Before the review, the staff and management of Young Petals Early Learning Centre completed an ERO Centre Assurance Statement and Self-Audit Checklist. In these documents they attested that they have taken all reasonable steps to meet their legal obligations related to:

  • curriculum
  • premises and facilities
  • health and safety practices
  • governance, management and administration.

During the review, ERO looked at the service’s systems for managing the following areas that have a potentially high impact on children's wellbeing:

  • emotional safety (including positive guidance and child protection)

  • physical safety (including supervision; sleep procedures; accidents; medication; hygiene; excursion policies and procedures)

  • suitable staffing (including qualification levels; police vetting; teacher registration; ratios)

  • evacuation procedures and practices for fire and earthquake.

All early childhood services are required to promote children's health and safety and to regularly review their compliance with legal requirements.

Next ERO Review

When is ERO likely to review the service again?

The next ERO review of Young Petals Early Learning Centre will be in three years.

Lynda Pura-Watson

Deputy Chief Review Officer

Te Tai Miringa - Waikato / Bay of Plenty Region

20 June 2018

The Purpose of ERO Reports

The Education Review Office (ERO) is the government department that, as part of its work, reviews early childhood services throughout Aotearoa New Zealand. ERO’s reports provide information for parents and communities about each service’s strengths and next steps for development. ERO’s bicultural evaluation framework Ngā Pou Here is described in SECTION 3 of this report. Early childhood services are partners in the review process and are expected to make use of the review findings to enhance children's wellbeing and learning.

2 Information about the Early Childhood Service



Ministry of Education profile number


Licence type

Education & Care Service

Licensed under

Education (Early Childhood Services) Regulations 2008

Number licensed for

34 children, including up to 12 aged under 2

Service roll


Gender composition

Boys 18 Girls 14

Ethnic composition



Percentage of qualified teachers

0-49% 50-79% 80%

Based on funding rates


Reported ratios of staff to children

Under 2


Better than minimum requirements

Over 2


Better than minimum requirements

Review team on site

April 2018

Date of this report

20 June 2018

Most recent ERO report(s)

No previous ERO reports

3 General Information about Early Childhood Reviews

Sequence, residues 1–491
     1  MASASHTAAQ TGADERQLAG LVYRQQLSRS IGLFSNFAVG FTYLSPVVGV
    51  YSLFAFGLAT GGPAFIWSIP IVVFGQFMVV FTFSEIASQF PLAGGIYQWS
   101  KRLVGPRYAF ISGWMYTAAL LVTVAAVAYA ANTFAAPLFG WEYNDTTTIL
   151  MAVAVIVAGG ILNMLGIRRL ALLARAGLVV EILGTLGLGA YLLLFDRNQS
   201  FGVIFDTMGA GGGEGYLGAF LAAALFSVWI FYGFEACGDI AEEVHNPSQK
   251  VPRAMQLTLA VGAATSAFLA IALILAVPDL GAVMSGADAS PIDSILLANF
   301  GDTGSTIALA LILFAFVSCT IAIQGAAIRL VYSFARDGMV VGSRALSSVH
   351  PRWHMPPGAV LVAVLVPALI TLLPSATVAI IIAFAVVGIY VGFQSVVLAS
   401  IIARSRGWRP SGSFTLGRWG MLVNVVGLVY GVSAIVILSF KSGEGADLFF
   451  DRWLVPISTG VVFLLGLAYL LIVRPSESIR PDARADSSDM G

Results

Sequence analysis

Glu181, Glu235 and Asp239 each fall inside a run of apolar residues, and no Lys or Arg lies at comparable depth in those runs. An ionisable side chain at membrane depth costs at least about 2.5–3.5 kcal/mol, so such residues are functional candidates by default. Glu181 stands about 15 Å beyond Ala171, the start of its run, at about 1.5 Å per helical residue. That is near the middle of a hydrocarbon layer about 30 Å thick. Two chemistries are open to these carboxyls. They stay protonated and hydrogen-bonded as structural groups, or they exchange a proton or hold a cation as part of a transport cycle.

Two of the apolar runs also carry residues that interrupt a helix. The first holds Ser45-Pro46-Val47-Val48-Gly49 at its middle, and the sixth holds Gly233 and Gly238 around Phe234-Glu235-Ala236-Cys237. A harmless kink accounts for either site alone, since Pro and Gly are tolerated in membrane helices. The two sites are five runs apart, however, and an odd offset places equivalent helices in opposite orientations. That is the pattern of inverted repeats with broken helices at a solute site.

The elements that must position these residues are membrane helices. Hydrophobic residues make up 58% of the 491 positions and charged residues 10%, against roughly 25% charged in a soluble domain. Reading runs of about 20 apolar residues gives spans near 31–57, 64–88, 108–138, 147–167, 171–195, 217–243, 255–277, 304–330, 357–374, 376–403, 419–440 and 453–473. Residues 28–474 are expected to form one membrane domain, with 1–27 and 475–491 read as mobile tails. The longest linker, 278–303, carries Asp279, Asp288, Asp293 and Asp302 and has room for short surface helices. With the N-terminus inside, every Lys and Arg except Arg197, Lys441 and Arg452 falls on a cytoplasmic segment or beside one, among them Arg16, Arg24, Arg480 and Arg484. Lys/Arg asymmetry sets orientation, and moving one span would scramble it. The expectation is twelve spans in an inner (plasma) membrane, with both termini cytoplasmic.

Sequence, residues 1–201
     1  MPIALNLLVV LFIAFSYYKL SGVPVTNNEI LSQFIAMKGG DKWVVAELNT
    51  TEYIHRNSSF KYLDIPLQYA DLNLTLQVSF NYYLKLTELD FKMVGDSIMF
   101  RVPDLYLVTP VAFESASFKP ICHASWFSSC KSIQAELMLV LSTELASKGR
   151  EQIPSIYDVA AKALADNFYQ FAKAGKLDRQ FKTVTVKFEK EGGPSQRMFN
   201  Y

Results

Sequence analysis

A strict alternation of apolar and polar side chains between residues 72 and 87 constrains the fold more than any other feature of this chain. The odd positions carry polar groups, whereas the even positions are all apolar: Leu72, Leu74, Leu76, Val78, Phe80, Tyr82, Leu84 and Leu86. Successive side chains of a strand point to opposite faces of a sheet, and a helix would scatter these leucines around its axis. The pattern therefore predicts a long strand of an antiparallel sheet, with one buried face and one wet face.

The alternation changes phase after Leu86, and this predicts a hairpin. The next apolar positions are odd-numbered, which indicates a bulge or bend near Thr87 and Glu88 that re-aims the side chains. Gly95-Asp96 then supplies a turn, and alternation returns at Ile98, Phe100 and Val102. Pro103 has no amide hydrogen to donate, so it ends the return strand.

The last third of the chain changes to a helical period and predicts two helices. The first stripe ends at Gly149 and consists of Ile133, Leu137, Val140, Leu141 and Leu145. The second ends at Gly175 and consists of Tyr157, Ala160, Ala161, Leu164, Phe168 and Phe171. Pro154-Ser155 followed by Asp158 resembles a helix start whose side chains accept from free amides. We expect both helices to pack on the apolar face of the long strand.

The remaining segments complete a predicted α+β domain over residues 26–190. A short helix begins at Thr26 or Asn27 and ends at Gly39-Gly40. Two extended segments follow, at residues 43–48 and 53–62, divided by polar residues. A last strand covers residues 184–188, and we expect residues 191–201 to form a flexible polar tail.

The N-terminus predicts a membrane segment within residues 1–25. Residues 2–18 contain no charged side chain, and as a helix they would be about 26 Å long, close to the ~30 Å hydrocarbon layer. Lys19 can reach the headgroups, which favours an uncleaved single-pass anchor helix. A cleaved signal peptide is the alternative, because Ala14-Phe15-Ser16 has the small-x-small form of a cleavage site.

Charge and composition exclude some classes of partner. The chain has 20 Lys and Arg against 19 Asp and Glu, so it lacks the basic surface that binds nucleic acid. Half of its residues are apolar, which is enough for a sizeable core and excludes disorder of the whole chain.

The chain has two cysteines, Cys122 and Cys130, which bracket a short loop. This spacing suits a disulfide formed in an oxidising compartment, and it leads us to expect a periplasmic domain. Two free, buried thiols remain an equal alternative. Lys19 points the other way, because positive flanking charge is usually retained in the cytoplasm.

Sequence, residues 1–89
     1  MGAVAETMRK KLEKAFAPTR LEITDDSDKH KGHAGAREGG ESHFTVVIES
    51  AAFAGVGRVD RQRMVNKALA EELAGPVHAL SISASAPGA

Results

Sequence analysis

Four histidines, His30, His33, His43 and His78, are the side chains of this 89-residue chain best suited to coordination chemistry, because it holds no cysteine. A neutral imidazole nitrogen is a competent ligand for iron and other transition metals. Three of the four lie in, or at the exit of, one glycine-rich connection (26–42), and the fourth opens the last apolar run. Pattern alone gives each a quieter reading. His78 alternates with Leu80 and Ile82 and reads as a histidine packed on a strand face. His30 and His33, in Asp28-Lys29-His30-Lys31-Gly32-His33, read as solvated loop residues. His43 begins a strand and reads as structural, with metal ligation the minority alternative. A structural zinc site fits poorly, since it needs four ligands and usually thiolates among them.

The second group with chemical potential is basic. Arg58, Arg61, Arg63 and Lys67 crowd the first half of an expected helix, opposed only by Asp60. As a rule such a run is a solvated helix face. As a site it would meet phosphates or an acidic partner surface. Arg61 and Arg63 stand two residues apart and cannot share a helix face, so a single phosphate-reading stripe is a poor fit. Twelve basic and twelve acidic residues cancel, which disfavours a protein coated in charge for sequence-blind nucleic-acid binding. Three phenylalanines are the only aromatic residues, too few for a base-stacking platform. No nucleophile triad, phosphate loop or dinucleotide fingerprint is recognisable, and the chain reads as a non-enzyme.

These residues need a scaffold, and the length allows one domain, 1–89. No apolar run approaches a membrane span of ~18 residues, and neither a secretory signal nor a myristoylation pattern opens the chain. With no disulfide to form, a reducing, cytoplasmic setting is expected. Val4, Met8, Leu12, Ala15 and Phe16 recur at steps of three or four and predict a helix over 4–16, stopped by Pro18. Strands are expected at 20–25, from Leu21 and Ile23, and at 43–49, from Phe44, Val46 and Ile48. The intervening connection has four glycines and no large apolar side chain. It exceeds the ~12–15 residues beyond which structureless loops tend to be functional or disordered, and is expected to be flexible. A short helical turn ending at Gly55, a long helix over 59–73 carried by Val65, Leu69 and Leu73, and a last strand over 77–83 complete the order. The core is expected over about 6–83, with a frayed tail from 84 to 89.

ERO’s Evaluation Framework

ERO’s overarching question for an early childhood education review is ‘How well placed is this service to promote positive learning outcomes for children?’ ERO focuses on the following factors as described in the bicultural framework Ngā Pou Here:

  • Pou Whakahaere – how the service determines its vision, philosophy and direction to ensure positive outcomes for children
  • Pou Ārahi – how leadership is enacted to enhance positive outcomes for children
  • Mātauranga – whose knowledge is valued and how the curriculum is designed to achieve positive outcomes for children
  • Tikanga whakaako – how approaches to teaching and learning respond to diversity and support positive outcomes for children.

Within these areas ERO considers the effectiveness of arotake – self review and of whanaungatanga – partnerships with parents and whānau.

ERO evaluates how well placed a service is to sustain good practice and make ongoing improvements for the benefit of all children at the service.

A focus for the government is that all children, especially priority learners, have an opportunity to benefit from quality early childhood education. ERO will report on how well each service promotes positive outcomes for all children, with a focus on children who are Māori, Pacific, have diverse needs, and are up to the age of two.

For more information about the framework and Ngā Pou Here refer to ERO’s Approach to Review in Early Childhood Services.

ERO’s Overall Judgement and Next Review

The overall judgement that ERO makes and the timing of the next review will depend on how well placed a service is to promote positive learning outcomes for children. The categories are:

  • Very well placed – The next ERO review in four years
  • Well placed – The next ERO review in three years
  • Requires further development – The next ERO review within two years
  • Not well placed - The next ERO review in consultation with the Ministry of Education

ERO has developed criteria for each category. These are available on ERO’s website.

Review Coverage

ERO reviews are tailored to each service’s context and performance, within the overarching review framework. The aim is to provide information on aspects that are central to positive outcomes for children and useful to the service.